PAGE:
Typically, townhouse ownership includes both the structure and the property underneath it but a townhome can also be a condominium. It depends on how a particular townhouse community sells property. Townhouses typically offer the best of both worlds. Residents can enjoy the space that single-family homes offer and low-maintenance living that comes from a condominium. Townhouses come in different styles but they usually have at least two floors of living space. Some of these units stand independently on their own lots, some are twin homes or triplexes and some are in rows with shared walls (except for end units). It all comes down to the developer and how properties are built.
Before buying a townhouse, homebuyers need to know exactly what they are getting. Is it a condominium or is it being sold as a freestanding home? What will the mandatory homeowner's association fees run? What can townhome owners expect after they get all unpacked? Each townhouse community differs in layout and amenities. Pools, cabanas, walking trails, fitness facilities and clubhouses seem to be the most popular offerings in Hampton Roads. Generally speaking, townhouses are less maintenance so one of the major bonuses is getting more time to do fun things instead of staying on top of house repairs.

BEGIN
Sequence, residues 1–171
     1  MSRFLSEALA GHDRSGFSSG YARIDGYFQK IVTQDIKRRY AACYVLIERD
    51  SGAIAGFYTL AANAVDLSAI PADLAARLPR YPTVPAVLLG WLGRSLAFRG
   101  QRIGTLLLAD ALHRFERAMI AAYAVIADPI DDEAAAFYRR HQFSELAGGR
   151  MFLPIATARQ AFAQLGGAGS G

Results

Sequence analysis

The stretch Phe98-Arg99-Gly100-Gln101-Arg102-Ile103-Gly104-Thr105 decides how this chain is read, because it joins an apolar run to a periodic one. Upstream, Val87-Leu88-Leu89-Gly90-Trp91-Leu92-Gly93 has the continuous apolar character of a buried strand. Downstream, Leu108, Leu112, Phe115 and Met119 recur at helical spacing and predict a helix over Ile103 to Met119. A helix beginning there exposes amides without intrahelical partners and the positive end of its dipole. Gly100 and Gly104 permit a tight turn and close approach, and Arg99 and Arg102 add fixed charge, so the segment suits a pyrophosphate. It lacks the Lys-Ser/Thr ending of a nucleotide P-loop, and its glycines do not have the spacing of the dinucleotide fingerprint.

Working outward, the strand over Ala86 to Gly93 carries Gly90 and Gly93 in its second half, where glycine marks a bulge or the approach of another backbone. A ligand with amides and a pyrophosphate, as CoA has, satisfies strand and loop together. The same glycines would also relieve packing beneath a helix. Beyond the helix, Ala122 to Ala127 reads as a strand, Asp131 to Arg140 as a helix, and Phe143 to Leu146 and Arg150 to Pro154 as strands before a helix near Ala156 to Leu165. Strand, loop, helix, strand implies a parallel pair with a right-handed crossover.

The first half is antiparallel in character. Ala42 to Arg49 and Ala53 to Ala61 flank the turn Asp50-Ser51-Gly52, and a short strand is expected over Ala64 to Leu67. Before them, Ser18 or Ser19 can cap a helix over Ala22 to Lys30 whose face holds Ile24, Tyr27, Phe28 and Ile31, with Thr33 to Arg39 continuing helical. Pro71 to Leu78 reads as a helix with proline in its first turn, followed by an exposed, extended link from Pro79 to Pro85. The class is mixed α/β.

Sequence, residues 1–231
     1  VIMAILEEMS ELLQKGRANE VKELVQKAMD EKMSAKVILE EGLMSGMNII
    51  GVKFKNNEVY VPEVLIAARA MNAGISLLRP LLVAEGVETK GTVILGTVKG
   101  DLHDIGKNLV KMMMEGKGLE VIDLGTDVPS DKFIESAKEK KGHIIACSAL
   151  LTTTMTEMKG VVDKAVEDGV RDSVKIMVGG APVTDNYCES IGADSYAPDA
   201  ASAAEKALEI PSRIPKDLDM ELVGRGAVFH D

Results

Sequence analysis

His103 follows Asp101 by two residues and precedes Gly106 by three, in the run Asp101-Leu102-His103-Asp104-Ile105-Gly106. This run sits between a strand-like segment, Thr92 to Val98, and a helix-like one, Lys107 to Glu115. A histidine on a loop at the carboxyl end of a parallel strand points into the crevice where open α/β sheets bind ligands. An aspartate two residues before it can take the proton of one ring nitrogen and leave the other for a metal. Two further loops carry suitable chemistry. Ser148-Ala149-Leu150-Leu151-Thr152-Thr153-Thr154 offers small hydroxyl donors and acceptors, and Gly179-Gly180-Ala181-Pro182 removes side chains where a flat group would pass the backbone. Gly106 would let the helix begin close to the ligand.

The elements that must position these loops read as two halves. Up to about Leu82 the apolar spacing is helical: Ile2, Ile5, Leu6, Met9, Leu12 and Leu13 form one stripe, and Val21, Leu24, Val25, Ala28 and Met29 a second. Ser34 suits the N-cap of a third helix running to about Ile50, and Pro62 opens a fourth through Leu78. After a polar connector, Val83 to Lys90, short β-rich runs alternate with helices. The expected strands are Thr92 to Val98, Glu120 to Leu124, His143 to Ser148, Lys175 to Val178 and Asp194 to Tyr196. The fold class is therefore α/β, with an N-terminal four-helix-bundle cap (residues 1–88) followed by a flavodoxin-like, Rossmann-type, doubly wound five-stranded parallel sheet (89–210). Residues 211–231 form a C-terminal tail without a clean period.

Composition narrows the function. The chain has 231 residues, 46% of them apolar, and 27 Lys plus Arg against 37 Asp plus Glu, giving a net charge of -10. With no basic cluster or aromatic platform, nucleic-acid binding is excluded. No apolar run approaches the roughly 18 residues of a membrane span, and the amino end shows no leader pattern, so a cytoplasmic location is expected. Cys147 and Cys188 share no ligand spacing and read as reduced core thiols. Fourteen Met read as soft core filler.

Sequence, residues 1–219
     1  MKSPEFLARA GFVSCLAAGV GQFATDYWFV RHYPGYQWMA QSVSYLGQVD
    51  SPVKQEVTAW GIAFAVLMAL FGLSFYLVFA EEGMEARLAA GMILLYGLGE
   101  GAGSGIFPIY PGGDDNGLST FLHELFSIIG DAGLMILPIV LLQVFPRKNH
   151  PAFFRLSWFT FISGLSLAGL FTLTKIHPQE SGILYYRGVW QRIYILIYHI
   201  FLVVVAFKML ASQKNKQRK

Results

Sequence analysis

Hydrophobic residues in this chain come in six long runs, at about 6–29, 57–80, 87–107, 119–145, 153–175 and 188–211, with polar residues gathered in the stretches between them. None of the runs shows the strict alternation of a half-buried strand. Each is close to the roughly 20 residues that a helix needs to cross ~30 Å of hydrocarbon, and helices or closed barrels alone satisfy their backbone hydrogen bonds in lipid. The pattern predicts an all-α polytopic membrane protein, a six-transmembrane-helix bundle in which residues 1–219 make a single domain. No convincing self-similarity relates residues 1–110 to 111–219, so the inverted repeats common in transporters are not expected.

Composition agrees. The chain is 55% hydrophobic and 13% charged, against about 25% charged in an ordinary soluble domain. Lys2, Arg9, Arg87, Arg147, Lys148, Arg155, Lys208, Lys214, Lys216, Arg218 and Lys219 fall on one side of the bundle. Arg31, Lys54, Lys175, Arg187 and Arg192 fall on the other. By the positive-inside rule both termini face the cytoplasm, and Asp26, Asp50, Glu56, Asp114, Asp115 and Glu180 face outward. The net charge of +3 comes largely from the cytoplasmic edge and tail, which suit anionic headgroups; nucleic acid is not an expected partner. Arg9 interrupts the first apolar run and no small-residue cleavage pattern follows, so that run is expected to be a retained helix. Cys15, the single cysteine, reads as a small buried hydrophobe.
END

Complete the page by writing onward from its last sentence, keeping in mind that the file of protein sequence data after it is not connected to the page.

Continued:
In this mid-Atlantic region, homebuyers interested in townhouses have choice locations where they can live. H2O in Hampton, Courthouse Commons and Colonial Crossing in Newport News, The Boulevard and Culpepper Landing in Chesapeake, Remington Park in Suffolk, New Port at Victory in Portsmouth, Bluegrass at Lexington Park in Virginia Beach and Liberty Crossing in Williamsburg are a few of the townhome developments in Hampton Roads. Every townhouse community is different so be sure to explore all your options before purchasing. Check to see if a townhome is close to city perks like public beaches, parks and recreation centers to ensure a good fit.